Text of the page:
There are things I kinda agree with but don't forsee happening, such as the ending of college sports in the way they exist now and the creation of minor leagues in their stead. I never really thought it made sense to associate institutes built upon intellect to associate so tightly with teams built on physical prowess. The minor leagues of baseball exist because the baseball is a summer sport and college students are generally off over the summer, so collegiate sports cannot attract the same audiences. Summer break exists because summer is when people were needed back at home, and the low number of people involved in agriculture makes that no longer a design requirement, so the fundamental change I would make, trimesters, would tend to make collegiate baseball more viable and minor league baseball less viable. Ah well.
Unless I misunderstood something, I believe that my school's sports program is self-supporting. I think that, if a university's program is not self-supporting, or if there isn't something else that the school gets from it that justifies it (and for the life of me, I can't think of anything, but I've never been a team sports guy), it would be better if it got rid of it.
I see the point of "replacing" collegiate sports with fitness and wellness programs, but honestly, every personal improvement in wellness I have ever experienced has come from working with myself, not with a group. I think the group dynamic messes it up, but that might just be me.
The last point, the one I'll quote, is one I strongly agree with and disagree with.
Computer Science: CS should be required. For everyone. Can you be a historian today without using a computer? An artist? A salesperson? Anything? Shouldn’t we aspire to turn out a new generation of educated men and women who have more than a surface knowledge of how the blasted things work, since their success in no small part will depend on that knowledge?I hold a CS degree. I work with computers in the day and play with them at night. My day work with computers involves the use of computers in science, and I've been saying this for years: Today, all science is computer science, because the research that could've been done without computers has been done without them already. I think that the same is becoming true in other fields. Between Processing, Tod Machover's work and work with genetic algorithms in composing, there's precedent for the use of computational tools in the arts. I think you can still be a historian without using a computer much more than using it for email and word processing, but I've heard of historians making more interesting use of it. First, there's the wider dissemination of contemporaneous source material, but beyond that, many are beginning to see digitized libraries as a Big Data source, where you can graph the rise and fall of ideas and people by the number of occurrences of them in the text.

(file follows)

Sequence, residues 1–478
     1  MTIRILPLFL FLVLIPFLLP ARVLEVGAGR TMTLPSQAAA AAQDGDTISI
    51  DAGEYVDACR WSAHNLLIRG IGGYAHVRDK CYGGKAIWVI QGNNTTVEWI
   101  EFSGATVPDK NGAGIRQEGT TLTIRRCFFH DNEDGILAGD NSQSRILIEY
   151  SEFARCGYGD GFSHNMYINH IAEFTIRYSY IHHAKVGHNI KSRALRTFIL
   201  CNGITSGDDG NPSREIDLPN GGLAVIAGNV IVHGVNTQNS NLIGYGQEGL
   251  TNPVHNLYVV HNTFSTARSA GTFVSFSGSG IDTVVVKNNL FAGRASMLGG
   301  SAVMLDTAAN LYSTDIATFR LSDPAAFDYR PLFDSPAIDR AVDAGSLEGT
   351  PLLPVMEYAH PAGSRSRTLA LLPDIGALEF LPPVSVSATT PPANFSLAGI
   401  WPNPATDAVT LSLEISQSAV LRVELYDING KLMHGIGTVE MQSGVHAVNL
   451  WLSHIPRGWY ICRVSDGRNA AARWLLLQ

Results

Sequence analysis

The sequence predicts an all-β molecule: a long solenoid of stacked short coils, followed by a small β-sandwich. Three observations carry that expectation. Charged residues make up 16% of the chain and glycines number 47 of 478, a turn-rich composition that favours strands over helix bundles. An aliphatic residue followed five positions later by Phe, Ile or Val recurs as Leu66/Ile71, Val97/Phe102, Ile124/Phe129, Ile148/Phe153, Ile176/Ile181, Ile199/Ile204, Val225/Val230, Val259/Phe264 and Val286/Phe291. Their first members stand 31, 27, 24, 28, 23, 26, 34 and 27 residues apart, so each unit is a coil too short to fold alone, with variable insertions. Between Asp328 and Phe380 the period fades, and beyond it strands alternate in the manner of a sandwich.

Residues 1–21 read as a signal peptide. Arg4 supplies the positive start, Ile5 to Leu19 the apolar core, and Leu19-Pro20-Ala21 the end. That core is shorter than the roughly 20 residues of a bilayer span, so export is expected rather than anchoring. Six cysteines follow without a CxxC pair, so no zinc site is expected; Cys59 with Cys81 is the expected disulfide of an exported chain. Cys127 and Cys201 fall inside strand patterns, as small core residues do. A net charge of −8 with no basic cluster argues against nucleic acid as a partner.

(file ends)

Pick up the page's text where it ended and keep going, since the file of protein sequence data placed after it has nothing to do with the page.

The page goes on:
I'd throw in the idea that this goes down to the level of skilled labor. Adam Davidson writes in the New York Times magazine about the "Skills Gap", saying that machinist training starts with using tools to cut metal but quickly move on to computer-aided methods.
So, yes, I'm big in agreeing that there's value in a great many fields in embracing the computer revolution. I'm all for teaching programming to all. I'm just not sure that Computer Science is really where you want that.
Computer Science is different. Computer Science, properly considered, is a branch of mathematics built around complexity. Yes, students go into Computer Science as a step toward becoming programmers, but this means there's a great deal of knowledge they gain and never use, and a great deal of knowledge they don't gain until they get on the job and find they need it. I still feel undertrained in the use of version control, for example. Those would be better served with a program built around Software Engineering, and that term is problematic, as there is no mechanism for becoming a licensed software engineer, but are required to call yourself an engineer in other fields, and many of the greatest advances in computing come from people who have the most tenuous claim to that title. Linus Torvalds was a college student when he started developing Linux.
Consider the case of databases. I would consider that there is one set of skills where users (be they artists, historians, scientists, programmers, machinists...) might use to collect what they need, another set of skills that programmers use to effectively create the tables and data structures to be used by others, and another set of skills which programmers use to create the database engines themselves. The first set of skills are things I would wholeheartedly endorse encouraging everyone to know. The second set is a little less useful unless you're stepping up to start collecting your own data. I'm learning it a little at a time, and finding holes in my knowledge every time I create a set of tables. The third set, the skills that those at Oracle or in Microsoft's SQL Server team or involved in PostgreSQL develop, are ... I don't know enough about them to really describe. But it's more about how to make these things fast at the hardware level, so you can have several thousand transactions a second go through when under load.
Thing is, while the last category is closest, none of it is really Computer Science. I think forcing this association between computer use and Computer Science doesn't help any party involved.